Transcription is one of the oldest, most ancient forms of documentation; a useful, and often necessary, tool put in practice for centuries. Beyond being an efficient way to keep track of important information, dictation and transcription have helped to promote further understanding in otherwise complicated or complex fields – everything from medical and legal transcription to business and government transcription.
Still widely used today, transcription has a past rooted deep in history. We’re taking a quick look at the history of transcription to better understand it’s continuous benefits throughout the past, present and into the future.
The Past: Evolution of Transcription
Scribes from Ancient Times
Transcription as a form of documentation began in ancient times. Scribes as early as 3400 BCE would train in hieroglyphics and scripts in order to become employed in ancient Roman and Egyptian times. 100 years later, children would transcribe their ancient languages onto stone tablets. The written language and ancient historical documentation are made possible by transcription and those committed to transcribing (and duplicating) as much information as possible.
16th & 17th Century Technology
It’s understood that the invention of the printing press in 1439 led to a decline in the need for scribes, and so led to a decline in transcription for a time. However, it was around this time (or soon after, at least) that the modern English language shorthand was developed by a British physician. Formalizing this shorthand set in stone again the transcriptionists’ (or scribes’) specialty field. Scribes in the 17th century were generally used for manuscripts and other types of literature.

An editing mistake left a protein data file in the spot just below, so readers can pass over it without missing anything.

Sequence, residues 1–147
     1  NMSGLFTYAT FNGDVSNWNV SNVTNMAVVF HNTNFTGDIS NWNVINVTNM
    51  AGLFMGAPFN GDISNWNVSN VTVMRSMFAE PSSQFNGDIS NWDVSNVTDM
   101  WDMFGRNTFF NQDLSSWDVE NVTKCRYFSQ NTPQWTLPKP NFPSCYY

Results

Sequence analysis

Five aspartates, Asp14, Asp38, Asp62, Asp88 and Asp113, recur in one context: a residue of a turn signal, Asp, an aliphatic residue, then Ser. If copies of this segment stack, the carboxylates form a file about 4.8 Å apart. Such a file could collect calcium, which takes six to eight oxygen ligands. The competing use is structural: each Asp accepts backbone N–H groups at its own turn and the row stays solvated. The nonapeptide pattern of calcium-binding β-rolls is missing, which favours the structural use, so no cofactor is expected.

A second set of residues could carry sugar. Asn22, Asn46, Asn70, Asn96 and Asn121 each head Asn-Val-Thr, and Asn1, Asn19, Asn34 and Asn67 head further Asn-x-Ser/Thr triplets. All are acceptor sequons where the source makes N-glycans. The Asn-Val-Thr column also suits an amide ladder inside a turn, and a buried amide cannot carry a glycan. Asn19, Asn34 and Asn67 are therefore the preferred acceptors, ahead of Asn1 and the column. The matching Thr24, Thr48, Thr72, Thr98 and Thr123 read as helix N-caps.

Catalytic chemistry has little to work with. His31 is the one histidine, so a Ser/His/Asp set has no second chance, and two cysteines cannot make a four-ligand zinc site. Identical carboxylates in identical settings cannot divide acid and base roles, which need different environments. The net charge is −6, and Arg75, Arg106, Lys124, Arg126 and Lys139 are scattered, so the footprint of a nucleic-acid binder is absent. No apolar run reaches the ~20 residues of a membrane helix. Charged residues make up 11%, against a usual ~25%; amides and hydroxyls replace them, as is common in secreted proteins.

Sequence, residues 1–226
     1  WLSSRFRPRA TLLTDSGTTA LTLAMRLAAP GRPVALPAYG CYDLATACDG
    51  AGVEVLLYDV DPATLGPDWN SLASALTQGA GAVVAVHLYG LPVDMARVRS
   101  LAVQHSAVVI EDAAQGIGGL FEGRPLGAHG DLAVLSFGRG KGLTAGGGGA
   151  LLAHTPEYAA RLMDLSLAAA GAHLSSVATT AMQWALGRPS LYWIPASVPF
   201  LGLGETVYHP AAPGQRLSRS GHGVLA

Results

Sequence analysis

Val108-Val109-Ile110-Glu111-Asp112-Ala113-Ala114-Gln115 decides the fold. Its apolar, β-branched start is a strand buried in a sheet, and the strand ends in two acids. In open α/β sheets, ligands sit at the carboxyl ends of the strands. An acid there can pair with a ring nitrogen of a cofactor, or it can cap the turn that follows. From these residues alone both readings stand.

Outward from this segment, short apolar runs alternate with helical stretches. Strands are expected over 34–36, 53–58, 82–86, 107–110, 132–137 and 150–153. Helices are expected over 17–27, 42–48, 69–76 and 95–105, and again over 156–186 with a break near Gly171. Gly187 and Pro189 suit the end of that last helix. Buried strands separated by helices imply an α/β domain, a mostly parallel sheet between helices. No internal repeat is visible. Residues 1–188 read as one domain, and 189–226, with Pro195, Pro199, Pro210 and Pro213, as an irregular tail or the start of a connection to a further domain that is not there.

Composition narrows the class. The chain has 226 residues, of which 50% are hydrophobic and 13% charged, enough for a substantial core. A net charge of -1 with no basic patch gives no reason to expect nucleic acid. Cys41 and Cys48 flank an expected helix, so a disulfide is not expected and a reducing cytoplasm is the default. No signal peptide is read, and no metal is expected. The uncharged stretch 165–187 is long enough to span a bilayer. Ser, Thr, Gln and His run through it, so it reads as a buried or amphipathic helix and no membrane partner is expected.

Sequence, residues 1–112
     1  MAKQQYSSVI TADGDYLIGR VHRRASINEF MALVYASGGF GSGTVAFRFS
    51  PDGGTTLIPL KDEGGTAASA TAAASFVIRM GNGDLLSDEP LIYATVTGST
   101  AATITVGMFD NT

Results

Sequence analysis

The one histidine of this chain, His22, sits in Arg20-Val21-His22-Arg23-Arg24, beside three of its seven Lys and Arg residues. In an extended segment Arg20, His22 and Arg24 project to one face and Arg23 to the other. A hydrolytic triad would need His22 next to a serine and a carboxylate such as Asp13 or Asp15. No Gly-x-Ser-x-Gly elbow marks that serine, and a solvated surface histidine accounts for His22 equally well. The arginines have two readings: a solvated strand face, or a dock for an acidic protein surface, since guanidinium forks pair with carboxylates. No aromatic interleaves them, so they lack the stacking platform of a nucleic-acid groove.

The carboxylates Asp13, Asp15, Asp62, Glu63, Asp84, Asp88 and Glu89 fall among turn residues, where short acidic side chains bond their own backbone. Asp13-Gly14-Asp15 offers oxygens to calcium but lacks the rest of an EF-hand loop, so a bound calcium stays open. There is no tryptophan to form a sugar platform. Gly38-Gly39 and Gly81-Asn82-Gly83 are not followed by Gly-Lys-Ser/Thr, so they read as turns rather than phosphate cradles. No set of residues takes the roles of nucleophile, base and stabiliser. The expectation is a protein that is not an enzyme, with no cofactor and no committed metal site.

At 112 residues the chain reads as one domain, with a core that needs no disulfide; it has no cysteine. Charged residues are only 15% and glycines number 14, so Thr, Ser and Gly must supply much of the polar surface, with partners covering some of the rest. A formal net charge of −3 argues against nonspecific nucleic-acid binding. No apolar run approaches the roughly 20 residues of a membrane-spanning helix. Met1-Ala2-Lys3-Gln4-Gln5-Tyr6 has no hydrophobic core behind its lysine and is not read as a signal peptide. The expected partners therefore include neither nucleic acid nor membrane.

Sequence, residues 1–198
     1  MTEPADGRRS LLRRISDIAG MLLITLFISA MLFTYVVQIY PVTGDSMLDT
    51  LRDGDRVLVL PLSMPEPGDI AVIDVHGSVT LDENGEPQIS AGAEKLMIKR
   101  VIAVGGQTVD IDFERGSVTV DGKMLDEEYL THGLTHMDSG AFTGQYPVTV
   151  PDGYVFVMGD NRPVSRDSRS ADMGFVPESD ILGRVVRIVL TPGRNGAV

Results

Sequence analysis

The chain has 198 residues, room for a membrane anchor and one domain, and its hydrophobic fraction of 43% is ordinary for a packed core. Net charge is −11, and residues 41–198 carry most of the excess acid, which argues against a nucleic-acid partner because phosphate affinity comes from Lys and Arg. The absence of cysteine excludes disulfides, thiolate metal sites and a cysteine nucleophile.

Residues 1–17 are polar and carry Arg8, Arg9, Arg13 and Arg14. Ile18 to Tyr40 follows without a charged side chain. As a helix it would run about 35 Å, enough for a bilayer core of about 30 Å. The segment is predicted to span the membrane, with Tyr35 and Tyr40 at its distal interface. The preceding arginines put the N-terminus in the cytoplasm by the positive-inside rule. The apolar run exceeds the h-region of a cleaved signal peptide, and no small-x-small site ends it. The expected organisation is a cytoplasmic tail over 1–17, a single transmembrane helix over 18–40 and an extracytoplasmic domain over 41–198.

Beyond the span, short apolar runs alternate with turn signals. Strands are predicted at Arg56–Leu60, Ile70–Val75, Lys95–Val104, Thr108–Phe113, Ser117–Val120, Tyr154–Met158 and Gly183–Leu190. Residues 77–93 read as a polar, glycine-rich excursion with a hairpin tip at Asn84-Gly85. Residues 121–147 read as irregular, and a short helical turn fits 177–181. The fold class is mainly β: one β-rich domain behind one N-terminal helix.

Typewriters & Word Processors
The transcription world wouldn’t see much progress or development again until the 19th century, nearly 200 years later. When the typewriter was invented, stenographers and typists were quite common, especially among American women. According to the U.S. census, by 1910, women comprised 81% of the typing workforce, contributing to the vast majority of secretarial and transcription work in offices everywhere.
After typewriters came the word processor in the 1980’s, famous for being the first truly digital way to type and transcribe information. Word processors paved the way for new computing technologies to reach mass development, and are a big reason for why we have the incredible technology and computers we use today. Because of these new technologies, transcription remains an important profession throughout much of American history.
The Present and Beyond
Businesses in all industries today are recording massive amounts of audio and video content, whether it be for internal or customer-facing use. In other words, transcription companies specializing in various fields are still at large and often mission-critical.
Over the years, speech technology has become a lot more accurate, especially when used in tandem with live experts. Currently, TranscribeMe offers speech recognition accuracy of +99% alone; we do this by operating a platform that combines artificial intelligence speech recognition with real, crowd-sourced transcribers who can type out the audio-to-text and then correct the output of speech recognition, ultimately resulting in 100% perfection.
The Future of Transcription
While voice-to-text transcription will become easier and easier with further advancements in speech recognition software, it’s unlikely that it’ll match human transcriptionists in accuracy. At least, for quite some time. Nevertheless, it’s very likely that combinations of speech recognition technology and human transcriptionists will continue to dominate how the transcription process is done.
Today and into the future, we can continuously improve the quality of our speech recognition technology by giving and verifying examples from traditional voice-to-text transcription, eventually making it a more viable and valuable solution for transcribing audio or video content for businesses.
Have some audio or video that need transcribing? Any recurring projects? We’re here to help with any and all of your specific transcription needs. Contact us for a free quote or reach out to our Sales Team with any questions.
This article was originally published on May 23, 2017.